Chinese authorities have reportedly opened a probe into the death of a top anti-corruption official at China National Offshore Oil Corporation.

Sources close to mater told the Wall Street Journal that police are looking into the possibility of foul play and suicide after CNOOC chief compliance officer Zhang Jianwei was found dead in his office on November 3.

Neither state-owned CNOOC nor government officials have publicly confirmed Zhang’s death yet.

Law enforcement officials have not commented on the matter or confirmed that an investigation is taking place, the Wall Street Journal said.

Sources with knowledge of the probe told the paper that Zhang, 57, was believed to have been in good health at the time of his death.

According to a profile on CNOOC’s website, Zhang assumed the role of party leadership group member and chief compliance officer at CNOOC in December 2011.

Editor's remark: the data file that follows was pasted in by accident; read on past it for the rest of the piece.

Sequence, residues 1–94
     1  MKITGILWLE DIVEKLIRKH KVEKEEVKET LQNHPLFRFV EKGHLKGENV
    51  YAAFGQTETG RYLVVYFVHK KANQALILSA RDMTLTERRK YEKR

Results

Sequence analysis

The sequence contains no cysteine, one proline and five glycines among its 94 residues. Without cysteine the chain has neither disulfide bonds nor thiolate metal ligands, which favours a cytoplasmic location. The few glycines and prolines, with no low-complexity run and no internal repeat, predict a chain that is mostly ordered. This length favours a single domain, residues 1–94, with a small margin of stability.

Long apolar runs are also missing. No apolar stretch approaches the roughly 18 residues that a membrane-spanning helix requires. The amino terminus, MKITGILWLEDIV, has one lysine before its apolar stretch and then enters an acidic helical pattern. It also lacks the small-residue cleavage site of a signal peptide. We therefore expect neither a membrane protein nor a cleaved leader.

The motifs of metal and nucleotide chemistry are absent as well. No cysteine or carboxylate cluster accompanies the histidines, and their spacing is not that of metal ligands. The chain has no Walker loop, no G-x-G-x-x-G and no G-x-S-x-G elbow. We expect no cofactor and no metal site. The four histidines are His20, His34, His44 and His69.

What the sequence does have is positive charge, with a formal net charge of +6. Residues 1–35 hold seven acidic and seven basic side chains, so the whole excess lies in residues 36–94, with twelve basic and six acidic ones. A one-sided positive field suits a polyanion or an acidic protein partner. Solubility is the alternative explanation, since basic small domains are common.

In his role at the copmany, Zhang was part of a broader government effort to crack down on corruption at state-owned companies.

The graft-busting effort was ushered in by president Xi Jinping in 2011 and has landed several officials in jail.

In October, former China National Petroleum Corporation chief Jiang Jiemin was sentenced to 16 years in prison after he pleaded guilty to a slew of corruption charges earlier this year.

The former CNPC boss received over $2.21 million in bribes between 2004 and 2013 and collaborated with disgraced domestic security chief Zhou Yongkang to aide others with business deals.

Zhou is currently serving a life sentence after being convicted in June of corruption, abuse of power and sharing state secrets.


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